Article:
- 4 days ago
A bug on OpenSea destroyed around 42 NFTs, including a historical ENS.
Yesterday, various users, including ENS lead developer Nick Johnson, found their NFTs destroyed by a bug on the OpenSea marketplace.
The bug destroyed a total of 42 NFTs at a value of $100,000. According to Johnson’s Twitter thread, this included 21 accounts and 30 transactions. While in total users lost a large amount of money, OpenSea seems to have the bug fixed already.
Small bug, but big historic loss for ENS NFTs
However, the bug did lead to a big historic loss. Johnson accidentally burned the first ENS name registered, rilxxlir.eth due to this bug.
ENS or Ethereum Name Service allows you to own crypto or blockchain domains with readable addresses. This includes website domains, wallets and even usernames. These addresses are easier to use than the usual long and randomized characters in addresses.
The rilxxlir.eth ENS was one of the first available for auction in 2017 and, according to Johnson, is the longest continuously registered ENS. He wanted to offer the ENS on a PaperclipDAO trade but needed to transfer it to his personal account before being able to do so.
This was how he ended up on OpenSea where he planned to transfer it to nick.eth, his personal address. However, instead, the ENS ended up transferring to a burn account which burnt its ownership forever.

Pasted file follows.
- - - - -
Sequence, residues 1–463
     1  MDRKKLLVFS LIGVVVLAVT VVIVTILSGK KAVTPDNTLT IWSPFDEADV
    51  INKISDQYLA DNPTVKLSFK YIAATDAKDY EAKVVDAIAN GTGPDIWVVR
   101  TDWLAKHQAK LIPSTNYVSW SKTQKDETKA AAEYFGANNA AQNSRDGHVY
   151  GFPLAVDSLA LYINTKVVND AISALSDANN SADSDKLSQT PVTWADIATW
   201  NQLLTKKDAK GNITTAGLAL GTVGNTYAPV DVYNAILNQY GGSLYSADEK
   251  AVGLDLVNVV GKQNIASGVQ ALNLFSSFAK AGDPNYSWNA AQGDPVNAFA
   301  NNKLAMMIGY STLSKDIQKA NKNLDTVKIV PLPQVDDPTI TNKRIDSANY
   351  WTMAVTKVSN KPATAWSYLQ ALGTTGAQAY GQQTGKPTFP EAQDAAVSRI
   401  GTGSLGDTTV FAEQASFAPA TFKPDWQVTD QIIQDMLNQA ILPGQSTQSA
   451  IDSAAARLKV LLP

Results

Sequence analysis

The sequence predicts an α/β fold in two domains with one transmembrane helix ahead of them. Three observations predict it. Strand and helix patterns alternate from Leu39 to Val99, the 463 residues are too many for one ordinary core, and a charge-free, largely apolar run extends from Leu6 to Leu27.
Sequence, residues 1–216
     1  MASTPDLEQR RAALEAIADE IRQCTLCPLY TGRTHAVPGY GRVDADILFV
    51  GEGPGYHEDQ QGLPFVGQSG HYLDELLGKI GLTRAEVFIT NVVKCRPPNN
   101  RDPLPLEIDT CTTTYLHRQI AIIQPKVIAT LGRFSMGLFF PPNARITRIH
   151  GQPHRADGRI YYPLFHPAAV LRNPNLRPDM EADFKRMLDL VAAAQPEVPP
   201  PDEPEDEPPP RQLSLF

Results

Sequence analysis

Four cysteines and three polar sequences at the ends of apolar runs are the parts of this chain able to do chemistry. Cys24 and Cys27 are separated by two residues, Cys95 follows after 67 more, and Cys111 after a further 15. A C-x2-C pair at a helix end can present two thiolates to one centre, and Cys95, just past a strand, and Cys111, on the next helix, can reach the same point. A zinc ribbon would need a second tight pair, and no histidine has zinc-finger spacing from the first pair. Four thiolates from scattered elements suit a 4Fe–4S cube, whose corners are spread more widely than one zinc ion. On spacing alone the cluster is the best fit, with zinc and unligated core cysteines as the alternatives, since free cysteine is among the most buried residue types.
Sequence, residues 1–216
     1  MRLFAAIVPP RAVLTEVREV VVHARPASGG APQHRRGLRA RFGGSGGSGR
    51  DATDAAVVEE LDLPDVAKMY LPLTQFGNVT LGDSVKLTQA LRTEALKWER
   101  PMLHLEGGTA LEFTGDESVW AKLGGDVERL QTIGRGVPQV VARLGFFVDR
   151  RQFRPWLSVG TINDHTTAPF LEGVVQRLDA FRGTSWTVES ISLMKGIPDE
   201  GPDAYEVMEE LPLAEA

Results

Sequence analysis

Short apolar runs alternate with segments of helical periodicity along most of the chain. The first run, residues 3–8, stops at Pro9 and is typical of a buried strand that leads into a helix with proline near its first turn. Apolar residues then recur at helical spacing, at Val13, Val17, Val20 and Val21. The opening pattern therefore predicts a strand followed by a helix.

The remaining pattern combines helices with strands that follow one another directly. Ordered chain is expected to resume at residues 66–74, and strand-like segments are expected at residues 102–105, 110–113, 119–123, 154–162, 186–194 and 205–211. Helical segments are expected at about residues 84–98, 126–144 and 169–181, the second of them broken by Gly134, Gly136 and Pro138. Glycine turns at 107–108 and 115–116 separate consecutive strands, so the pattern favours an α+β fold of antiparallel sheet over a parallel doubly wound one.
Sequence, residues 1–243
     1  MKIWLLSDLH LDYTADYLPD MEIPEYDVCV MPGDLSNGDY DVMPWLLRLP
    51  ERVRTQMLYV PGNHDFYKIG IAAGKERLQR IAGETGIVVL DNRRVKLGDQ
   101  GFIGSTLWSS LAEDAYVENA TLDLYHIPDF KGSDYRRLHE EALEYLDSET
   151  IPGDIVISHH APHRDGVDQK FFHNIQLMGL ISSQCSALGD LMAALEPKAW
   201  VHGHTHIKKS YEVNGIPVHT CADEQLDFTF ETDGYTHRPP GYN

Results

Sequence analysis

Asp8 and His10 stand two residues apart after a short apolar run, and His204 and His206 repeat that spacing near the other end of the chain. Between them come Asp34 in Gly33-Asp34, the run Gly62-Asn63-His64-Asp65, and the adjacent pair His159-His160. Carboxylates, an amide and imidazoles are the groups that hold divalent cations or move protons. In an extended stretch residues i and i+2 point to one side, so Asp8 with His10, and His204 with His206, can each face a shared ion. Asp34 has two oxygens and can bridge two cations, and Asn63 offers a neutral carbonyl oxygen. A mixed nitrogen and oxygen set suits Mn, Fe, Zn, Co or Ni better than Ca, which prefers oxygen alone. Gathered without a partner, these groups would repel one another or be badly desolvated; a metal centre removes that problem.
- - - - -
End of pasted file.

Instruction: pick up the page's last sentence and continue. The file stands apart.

On the positive side, Johnson’s rilxxlir.eth domain is not completely useless. Although it is burned, Johnson can still modify it and set ENS records. He can, moreover, renew the name so it doesn’t expire as the burned ENS that it currently is. The only thing the ENS lead developer cannot do is actually transfer the ENS.
Johnson initially thought the OpenSea bug only affected him, but he later discovered that there were others affected too.
OpenSea’s response to the bug
Although this was a big mess up, OpenSea seemed to squash the bug quite quickly. They initially discovered the bug introduced to their transfer page where it affected NFT transfers to ENS names. Instead of sending NFTs to ENS names, the bug sent them to an encoded version of the associated address.
Nonetheless, the marketplace fixed the matter within less than 24 hours and ensured there was no further harm.
Nick Johnson to Pranksy, it seems anyone can fall through the blockchain loops
While the blockchain boasts to be secure, one still needs to be cautious on these platforms. Like Johnson, the famous NFT collector Pransky also almost found himself in despair due to blockchain loopholes. He almost fell for a scam of $300,000. Luckily, he had a bit of a happy ending and received his money back. Both these cases, however, go to show that it’s important to be careful with money no matter if it’s crypto or fiat. Unfortunately, there is always room for errors and thieves even on a computer-run platform.